According to the company, its DARRT-1 clinical study ended with a 27% incidence of abscopal response in soft-tissue lesions, using a combination of its Veyonda cancer drug and low-dose radiotherapy. An abscopal response involves radiation directed at a single tumor, triggering shrinkage of tumors well outside of the field of radiation.
A growing use of immuno-oncology drugs in combination with radiotherapy reportedly has led to increasing reports of abscopal responses in various cancers, including lung, breast, and urogenital cancers and melanoma.
However, before now, no such reports have come from studies in prostate cancer with checkpoint inhibitors either alone or in combination with radiotherapy, leading to this cancer gaining a reputation as a “non-immunological” cancer.
The DARRT-1 study involved 15 men with mCRPC post-taxane and ADT therapy; these patients received Veyonda, an experimental sphingosine-1-phosphate inhibitor, along with a palliative dose of external beam radiotherapy to a single tumor, typically a lymph node cluster. An abscopal response was determined on the basis of scans of other nonirradiated soft tissue lesions.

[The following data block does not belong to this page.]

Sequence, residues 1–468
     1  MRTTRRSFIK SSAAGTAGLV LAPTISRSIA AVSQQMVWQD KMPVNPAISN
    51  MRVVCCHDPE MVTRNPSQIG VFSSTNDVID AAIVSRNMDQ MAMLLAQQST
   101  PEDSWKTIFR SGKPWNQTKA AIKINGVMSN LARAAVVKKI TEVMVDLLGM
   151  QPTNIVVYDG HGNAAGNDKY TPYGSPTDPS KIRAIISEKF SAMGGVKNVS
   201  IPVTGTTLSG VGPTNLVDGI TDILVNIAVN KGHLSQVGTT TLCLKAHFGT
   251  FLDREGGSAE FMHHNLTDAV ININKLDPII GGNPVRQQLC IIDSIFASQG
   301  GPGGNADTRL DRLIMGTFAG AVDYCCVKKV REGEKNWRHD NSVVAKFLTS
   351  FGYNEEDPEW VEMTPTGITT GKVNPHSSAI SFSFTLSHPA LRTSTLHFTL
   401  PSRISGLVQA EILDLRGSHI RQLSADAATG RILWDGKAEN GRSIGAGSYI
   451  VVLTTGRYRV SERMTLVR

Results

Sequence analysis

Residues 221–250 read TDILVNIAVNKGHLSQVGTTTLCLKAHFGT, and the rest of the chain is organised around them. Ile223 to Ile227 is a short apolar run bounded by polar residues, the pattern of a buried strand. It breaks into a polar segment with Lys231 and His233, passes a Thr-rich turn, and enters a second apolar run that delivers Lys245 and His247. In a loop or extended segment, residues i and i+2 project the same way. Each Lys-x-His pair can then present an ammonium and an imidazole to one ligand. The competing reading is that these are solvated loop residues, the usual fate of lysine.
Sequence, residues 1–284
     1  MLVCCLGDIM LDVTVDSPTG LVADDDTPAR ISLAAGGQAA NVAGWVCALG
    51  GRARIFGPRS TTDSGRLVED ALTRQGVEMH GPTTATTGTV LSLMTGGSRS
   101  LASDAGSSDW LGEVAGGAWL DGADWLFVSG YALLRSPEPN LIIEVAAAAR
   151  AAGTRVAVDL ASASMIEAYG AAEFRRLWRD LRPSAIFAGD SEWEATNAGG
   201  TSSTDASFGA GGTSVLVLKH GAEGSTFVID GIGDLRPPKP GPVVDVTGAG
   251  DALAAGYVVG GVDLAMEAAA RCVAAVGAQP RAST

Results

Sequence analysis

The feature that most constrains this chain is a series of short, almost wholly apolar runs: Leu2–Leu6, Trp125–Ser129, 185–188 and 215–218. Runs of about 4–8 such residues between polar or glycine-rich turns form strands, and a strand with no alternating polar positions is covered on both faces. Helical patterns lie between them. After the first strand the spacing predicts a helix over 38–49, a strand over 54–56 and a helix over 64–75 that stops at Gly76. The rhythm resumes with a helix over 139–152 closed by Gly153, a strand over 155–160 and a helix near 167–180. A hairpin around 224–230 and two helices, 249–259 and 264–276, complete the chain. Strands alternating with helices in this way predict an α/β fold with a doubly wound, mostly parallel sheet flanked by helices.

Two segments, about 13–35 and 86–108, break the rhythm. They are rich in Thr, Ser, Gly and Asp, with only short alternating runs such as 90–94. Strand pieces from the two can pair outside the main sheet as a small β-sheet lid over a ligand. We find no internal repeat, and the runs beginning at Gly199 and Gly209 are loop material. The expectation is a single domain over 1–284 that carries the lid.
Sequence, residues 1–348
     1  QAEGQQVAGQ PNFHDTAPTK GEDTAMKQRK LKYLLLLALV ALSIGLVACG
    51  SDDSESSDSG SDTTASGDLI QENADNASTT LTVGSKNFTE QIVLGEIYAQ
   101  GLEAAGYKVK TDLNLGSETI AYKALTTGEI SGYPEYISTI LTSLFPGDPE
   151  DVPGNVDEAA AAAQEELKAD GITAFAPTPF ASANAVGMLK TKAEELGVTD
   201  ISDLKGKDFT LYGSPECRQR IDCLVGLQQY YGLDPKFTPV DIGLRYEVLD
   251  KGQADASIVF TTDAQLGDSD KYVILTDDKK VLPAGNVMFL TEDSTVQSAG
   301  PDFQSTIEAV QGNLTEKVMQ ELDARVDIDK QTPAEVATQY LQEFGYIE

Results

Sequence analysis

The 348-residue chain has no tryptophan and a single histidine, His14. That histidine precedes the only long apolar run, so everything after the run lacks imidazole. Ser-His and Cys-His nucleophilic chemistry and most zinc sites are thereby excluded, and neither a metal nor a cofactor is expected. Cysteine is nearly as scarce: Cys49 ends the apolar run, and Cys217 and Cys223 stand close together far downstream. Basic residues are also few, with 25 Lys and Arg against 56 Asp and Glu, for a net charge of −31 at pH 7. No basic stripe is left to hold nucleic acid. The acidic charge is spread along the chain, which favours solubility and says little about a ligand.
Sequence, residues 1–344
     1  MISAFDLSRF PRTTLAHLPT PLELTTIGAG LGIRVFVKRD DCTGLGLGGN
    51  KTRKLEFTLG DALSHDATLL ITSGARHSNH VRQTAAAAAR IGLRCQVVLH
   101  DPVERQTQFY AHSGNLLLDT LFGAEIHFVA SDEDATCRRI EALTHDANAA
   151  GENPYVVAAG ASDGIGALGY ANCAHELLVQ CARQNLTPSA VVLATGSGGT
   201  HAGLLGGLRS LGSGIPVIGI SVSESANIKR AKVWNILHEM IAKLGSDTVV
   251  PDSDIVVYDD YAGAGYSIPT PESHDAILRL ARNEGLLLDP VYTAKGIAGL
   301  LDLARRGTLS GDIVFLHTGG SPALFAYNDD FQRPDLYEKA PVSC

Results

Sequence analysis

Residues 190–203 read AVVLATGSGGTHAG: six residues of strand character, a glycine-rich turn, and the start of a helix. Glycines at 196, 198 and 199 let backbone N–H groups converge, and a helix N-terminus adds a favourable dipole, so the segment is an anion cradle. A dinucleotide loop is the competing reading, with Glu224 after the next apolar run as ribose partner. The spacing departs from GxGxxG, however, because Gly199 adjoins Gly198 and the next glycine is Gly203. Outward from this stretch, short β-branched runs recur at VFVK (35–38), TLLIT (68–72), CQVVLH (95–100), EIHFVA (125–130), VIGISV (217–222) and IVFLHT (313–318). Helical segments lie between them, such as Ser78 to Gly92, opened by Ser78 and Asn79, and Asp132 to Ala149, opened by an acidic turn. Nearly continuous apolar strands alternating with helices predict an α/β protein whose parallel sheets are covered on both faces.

Graham Kelly, executive chairman and CEO of Noxopharm, told Outsourcing-Pharma that the results of the trial are promising and informative.
“While the mechanism behind it is yet to be fully explained, the growing evidence is that it has an immune basis,” he said. “It appears to stem from use of a low dose of radiation (such as is commonly used in palliative therapy) which inflames rather than destroys the irradiated tumor. That inflammation then triggers an immune response that surges throughout the body, seeking out and destroying all other cancer cells.”
Kelly added that to his knowledge, this study marks the first time that researchers have been successful in obtaining a meaningful abscopal response rate in prostate cancer.
“Prostate cancer has developed a reputation as a cancer with poor immune responsiveness, but this outcome suggests that this isn’t the case when a drug with the appropriate effect on the immune system is used. Today’s result positions Veyonda at the forefront of this emerging area of oncology and suggests that we have an exciting new prospective treatment for end-stage prostate cancer,” he said.